An Encyclopaedia on Chinese History, Literature and Art

buqu 部曲, private armies

Sep 14, 2017 © Ulrich Theobald

Private armies (buqu 部曲, jiabing 家兵) were common among the nobility during the Wei 曹魏 (220-265), Jin 晉 (265-420), and Southern and Northern Dynasties 南北朝 (300~600) periods. During the Tang period 唐 (618-907), the word buqu denoted serfs (jiapu 家僕).

The original meaning of the word buqu, as it was used during the Han period 漢 (206 BCE-220 CE), was "regiment". A General-in-chief (da jiangjun 大將軍) used to have the command over five divisions, which were divided into regiments. The creation of private armies began during the reign of the usurper Wang Mang 王莽 (r. 8-23 CE), when landowners from among the distinguished families (haoqiang 豪強, haomen 豪門) began protecting themselves against groups of bandits. The disintegration of state power made such steps necessary. These private armies consisted of family members and their retainers (binke 賓客) and serfs. They were only created for ad-hoc purposes and not meant as a permanent means of defense. In the late decades of the Eastern Han period 東漢 (25-220 CE), when the central government likewise lost its monopoly of power, the local nobility again initiated means to defend their property against marauding bands of landless peasants and sectarian movements like the Yellow Turbans (Huangjin 黃巾). This time, the private armies consisted mostly of peasants who sought shelter by a landowner, but also of client-farmers (dianke 佃客), retainers (mensheng 門生) and subordinates in office (guli 故吏).

While political disturbances were only short during the Wang Mang interregnum, prospects for peace and security were less brilliant in the early 3rd century. Magnates therefore decided to be prepared for future cases of conflicts and retained the institution of private armies. The troops worked as farmers in times of peace, but could immediately turn into soldiers, should there be the need for. This procedure was similar to that of troops on the military agro-colonies (tuntian 屯田) which were founded by the government all over the country in order to revive the economy. In these colonies, soldiers worked as farmers when no military engagement was expected. The expression "official regiments" (guan buqu 官部曲) was therefore also used for troops of the colonies.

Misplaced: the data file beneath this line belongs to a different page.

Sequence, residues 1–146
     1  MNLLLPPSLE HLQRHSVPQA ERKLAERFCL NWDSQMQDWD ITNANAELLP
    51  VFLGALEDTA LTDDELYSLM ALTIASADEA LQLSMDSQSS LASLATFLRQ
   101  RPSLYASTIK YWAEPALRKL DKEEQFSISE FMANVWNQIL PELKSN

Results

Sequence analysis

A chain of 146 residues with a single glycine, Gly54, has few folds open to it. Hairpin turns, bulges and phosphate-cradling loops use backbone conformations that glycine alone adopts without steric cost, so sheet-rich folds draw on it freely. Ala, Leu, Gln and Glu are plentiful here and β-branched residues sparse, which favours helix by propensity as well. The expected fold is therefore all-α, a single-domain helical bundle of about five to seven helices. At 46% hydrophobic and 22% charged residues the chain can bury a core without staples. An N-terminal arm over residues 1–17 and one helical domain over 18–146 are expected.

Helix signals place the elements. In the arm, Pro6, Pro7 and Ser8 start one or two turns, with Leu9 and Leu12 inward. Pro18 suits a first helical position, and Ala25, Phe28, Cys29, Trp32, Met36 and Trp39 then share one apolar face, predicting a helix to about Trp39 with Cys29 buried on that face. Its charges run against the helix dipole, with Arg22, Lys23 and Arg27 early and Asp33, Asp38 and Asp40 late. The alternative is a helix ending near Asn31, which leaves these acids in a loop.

In the empire of Wu 吳 (222-280) in southeast China, another similarity between private armies and government troops can be seen. The house of Sun 孫 made the office of general hereditary, and the troops subordinated to this office thus were in fact "private" troops of that general. Some of the Sixteen Barbarian states 十六國 (300~430), like the Cheng-Han 成漢 (304-347) state in Sichuan, made their generals responsible for the recruitment and payment of their troops. General Fan Changsheng 范長生 (d. 318) therefore was allowed to collect taxes and recruit troops on the base of household registers (huji 戶籍).

During the Southern and Northern Dynasties period, the status of private troops was relatively low, and they were socially ranked as "have-nots" (jiankou 賤口) who did not enjoy the full range of "civil" rights. A documents from the Northern Zhou period 北周 (557-581) even shows that buqu troops had more or less the status of serfs, but had more freedom than slaves (nubi 奴婢). Emperor Wu 北周武帝 (r. 560-578) ordered in 577 to free all war captives the Western Wei 西魏 and Northern Qi 北齊 (550-577) had made. Originally free persons were to become free people (minwu 民伍) again, but dependent persons (jiu zhuren you xu gong ju 舊主人猶須共居), males and females, were to be brought back to their masters, the males as buqu soldiers, and the females as servants (kenü 客女).

The legal code Tanglü 唐律 from the Tang period also includes a similar paragraph, in which buqu persons were allowed to own private belongings, but were still members of their master's household. Slaves, buqu persons and females were not taxed under the Sui 隋 (581-618) and Tang dynasties because they did not own land. This social status was inheritable. If the master freed a buqu person, the latter was handed over a document to proof his status as a free person. Tang-period documents on buqu persons are scarce, and the term disappeared thereafter.

Wang Zhaotang 王召棠, Chen Pengsheng 陳鵬生, ed. (1988). Jianming fazhi shi cidian 簡明法制史詞典 (Zhengzhou: Henan renmin chubanshe), 121.
Wang Songling 王松齡, ed. (1991). Shiyong Zhongguo lishi zhishi cidian 實用中國歷史知識辭典 (Changchun: Jilin wenshi chubanshe), 35.
Zhao Kaiqiu 趙凱球, Ning Ke 寧可, Yang Shengmin 楊生民 (1992). "Buqu 部曲", in Zhongguo da baike quanshu 中國大百科全書, Zhongguo lishi 中國歷史 (Beijing/Shanghai: Zhongguo da baike quanshu chubanshe), Vol. 1, 56.